They Are Nutrition Coaches Instead of Nutrition Consultants
Talk is cheap, but not when it comes to consulting fees. Some nutrition programs are hampered by their business models, making results limited to contact or face–to-face time. Many people hire a personal trainer to work with them at top dollar three times a week for months. But if nutrition impacts someone multiple times a day, why do we see a nutritionist once a month tops? The reason is similar to exercise. Many people think they already know what to eat, or read the latest diet books and become instant experts. Everyone can eat. Even toddlers do it on their own. But how many of us eat right? And what is right? With so many Ph.D. experts disagreeing, no wonder people tackle nutrition on their own instead of listening to real expert advice.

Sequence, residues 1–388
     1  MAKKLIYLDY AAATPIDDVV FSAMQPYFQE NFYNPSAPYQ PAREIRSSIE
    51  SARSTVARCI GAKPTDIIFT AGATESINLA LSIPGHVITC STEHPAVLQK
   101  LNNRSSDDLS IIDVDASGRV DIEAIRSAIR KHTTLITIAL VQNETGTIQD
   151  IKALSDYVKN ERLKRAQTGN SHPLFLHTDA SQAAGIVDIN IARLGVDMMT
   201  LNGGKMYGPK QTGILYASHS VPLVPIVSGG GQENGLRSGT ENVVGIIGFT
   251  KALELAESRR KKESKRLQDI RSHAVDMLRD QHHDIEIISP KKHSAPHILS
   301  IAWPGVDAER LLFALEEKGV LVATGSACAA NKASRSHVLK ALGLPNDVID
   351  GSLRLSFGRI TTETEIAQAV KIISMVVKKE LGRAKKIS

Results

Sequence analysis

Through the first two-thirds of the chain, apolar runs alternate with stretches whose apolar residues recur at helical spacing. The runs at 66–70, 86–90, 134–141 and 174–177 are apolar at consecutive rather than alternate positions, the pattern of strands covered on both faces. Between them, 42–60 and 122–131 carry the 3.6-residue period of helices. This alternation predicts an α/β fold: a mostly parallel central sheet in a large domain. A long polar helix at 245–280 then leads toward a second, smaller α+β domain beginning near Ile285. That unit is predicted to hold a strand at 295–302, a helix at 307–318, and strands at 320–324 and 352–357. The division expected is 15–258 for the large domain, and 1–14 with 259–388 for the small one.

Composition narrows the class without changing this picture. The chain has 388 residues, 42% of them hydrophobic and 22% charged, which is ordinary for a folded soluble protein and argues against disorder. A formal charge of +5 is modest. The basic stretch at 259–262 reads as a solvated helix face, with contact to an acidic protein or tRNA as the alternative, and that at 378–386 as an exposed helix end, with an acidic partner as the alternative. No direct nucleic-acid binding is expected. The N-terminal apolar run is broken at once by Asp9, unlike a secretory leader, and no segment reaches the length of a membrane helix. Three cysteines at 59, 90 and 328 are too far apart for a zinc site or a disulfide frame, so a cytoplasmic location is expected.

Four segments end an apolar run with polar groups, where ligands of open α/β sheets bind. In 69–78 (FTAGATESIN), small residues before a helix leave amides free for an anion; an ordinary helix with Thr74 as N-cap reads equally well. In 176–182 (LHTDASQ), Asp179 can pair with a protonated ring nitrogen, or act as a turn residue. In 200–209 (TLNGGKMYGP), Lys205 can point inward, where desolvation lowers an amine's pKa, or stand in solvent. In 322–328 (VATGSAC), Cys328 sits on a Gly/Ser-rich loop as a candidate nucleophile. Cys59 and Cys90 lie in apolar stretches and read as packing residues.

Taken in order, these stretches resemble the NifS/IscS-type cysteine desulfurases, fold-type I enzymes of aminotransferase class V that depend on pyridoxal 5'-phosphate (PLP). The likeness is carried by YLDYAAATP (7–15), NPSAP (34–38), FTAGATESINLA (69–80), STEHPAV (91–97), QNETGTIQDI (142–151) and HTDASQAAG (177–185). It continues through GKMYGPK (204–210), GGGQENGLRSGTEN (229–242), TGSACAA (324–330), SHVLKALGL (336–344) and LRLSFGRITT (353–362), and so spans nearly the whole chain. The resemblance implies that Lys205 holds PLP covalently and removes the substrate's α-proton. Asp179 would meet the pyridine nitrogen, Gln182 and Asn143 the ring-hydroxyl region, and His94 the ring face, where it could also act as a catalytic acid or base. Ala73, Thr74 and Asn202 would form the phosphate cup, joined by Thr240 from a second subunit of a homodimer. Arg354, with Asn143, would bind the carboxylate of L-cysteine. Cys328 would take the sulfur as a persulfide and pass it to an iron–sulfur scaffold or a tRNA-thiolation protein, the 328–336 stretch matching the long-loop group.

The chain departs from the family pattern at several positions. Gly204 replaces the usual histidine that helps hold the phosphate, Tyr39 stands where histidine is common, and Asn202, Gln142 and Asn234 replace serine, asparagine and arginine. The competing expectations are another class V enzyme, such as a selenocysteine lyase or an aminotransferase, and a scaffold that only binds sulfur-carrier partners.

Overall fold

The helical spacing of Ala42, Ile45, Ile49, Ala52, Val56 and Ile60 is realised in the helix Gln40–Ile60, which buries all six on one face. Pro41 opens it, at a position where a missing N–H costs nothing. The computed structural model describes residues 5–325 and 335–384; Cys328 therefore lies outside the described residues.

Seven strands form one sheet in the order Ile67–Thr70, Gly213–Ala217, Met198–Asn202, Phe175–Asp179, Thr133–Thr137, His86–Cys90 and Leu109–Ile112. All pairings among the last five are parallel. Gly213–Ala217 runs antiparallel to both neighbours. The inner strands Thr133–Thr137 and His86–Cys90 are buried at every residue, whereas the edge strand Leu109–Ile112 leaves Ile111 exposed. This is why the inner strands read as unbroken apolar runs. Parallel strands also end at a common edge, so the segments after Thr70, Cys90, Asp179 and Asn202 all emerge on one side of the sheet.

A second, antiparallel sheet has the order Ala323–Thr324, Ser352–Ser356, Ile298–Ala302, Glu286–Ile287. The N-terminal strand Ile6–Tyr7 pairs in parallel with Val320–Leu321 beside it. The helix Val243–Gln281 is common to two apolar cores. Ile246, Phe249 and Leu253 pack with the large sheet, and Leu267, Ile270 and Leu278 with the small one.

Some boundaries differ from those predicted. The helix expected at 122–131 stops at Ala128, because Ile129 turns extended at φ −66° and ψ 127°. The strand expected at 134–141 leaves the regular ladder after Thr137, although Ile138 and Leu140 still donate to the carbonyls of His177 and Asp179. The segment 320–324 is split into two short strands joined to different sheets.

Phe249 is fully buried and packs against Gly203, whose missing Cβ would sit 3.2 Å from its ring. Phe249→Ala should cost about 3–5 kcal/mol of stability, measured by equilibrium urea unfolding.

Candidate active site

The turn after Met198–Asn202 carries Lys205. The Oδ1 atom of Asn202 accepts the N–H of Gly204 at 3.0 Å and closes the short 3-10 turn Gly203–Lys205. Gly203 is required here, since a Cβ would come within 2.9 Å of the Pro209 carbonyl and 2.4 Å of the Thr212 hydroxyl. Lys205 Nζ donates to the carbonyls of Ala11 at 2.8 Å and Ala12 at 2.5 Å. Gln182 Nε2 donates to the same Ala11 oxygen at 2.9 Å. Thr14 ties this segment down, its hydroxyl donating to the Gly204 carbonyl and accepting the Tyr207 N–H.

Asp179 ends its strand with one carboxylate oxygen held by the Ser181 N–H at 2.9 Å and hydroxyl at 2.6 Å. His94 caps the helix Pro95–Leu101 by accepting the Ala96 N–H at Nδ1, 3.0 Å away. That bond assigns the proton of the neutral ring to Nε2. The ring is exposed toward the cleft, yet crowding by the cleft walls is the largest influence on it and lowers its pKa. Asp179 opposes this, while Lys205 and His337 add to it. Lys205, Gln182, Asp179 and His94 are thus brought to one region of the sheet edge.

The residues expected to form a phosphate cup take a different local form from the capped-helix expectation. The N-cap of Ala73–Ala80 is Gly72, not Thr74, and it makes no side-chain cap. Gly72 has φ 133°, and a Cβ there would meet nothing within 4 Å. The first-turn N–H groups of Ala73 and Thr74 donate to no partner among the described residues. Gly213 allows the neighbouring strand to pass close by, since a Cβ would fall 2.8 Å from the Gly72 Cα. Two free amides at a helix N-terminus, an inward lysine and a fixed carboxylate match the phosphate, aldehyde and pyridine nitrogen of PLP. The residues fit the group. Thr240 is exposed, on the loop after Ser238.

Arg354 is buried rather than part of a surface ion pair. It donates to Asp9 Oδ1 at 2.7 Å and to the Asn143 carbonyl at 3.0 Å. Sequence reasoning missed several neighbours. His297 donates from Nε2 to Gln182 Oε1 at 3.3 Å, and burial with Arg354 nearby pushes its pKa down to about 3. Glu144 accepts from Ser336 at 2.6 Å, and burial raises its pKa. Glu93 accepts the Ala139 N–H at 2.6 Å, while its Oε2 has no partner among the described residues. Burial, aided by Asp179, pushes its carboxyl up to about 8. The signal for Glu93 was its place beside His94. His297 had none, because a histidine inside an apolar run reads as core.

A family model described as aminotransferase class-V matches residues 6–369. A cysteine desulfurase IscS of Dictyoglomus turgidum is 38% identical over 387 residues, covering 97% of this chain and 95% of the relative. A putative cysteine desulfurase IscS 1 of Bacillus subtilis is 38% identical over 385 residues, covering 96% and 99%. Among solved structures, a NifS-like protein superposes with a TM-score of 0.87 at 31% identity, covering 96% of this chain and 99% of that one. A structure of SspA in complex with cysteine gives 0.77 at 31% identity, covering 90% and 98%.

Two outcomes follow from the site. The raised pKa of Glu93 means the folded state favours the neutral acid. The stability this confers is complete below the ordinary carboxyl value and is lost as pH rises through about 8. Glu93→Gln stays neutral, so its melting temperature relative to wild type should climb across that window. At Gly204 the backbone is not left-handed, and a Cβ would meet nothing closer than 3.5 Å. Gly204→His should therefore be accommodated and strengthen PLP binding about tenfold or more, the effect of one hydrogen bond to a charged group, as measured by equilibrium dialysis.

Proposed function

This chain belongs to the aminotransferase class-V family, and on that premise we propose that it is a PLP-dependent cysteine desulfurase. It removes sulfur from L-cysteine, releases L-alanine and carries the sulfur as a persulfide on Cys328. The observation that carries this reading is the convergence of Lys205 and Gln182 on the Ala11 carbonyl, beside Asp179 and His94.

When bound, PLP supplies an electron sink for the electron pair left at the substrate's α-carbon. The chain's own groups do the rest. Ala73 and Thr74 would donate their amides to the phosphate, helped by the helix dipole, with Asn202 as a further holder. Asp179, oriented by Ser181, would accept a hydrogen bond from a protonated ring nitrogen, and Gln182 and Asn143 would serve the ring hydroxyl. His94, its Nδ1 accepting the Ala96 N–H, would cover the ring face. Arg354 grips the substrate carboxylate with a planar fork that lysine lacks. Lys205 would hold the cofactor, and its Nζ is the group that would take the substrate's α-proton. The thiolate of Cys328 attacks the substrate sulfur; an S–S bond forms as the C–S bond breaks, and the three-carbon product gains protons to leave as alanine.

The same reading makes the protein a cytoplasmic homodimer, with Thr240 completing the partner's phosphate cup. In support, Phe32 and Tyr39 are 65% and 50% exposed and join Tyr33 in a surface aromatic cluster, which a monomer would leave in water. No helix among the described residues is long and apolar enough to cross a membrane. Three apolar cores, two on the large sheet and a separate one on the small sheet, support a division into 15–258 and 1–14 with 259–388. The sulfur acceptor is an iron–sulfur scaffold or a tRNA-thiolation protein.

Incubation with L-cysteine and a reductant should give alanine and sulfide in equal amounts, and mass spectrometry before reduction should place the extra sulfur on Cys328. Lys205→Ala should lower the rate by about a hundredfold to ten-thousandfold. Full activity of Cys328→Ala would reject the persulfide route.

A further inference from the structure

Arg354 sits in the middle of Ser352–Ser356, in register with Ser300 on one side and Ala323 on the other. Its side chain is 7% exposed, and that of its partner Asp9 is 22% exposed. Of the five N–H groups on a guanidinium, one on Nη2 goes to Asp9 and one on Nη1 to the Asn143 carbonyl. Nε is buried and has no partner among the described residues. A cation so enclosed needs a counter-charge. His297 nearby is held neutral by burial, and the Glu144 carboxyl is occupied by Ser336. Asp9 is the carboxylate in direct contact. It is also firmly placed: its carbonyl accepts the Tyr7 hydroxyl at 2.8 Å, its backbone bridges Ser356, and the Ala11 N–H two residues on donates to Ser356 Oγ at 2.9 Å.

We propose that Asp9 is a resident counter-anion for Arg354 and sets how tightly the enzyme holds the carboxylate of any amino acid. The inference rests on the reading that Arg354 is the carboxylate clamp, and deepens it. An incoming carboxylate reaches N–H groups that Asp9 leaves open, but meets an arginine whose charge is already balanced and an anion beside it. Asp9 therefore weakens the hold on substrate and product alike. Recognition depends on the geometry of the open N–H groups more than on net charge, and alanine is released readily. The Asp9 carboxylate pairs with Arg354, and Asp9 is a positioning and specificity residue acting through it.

The new model is nutrition coaching— working with people instead of working with diets. What amazes me is that some nutritionists seem to become more like IRS food auditors, combined with a portion of educational advice. Instead of talking about macronutrients and other boring elements, nutrition coaching is about high-impact issues like athletes drinking to deal with physical pain and pressure. The really ugly problems one can address are the ones that will more impact life changes. Lecturing about broccoli and calories in soda may work for moms and dads with their children, but rarely with athletes. Athletes are people and have people problems. The goal of nutrition coaching is to address solutions and motivate on the benefits the changes will create.The new model is nutrition coaching— working with people instead of working with diets. Click To Tweet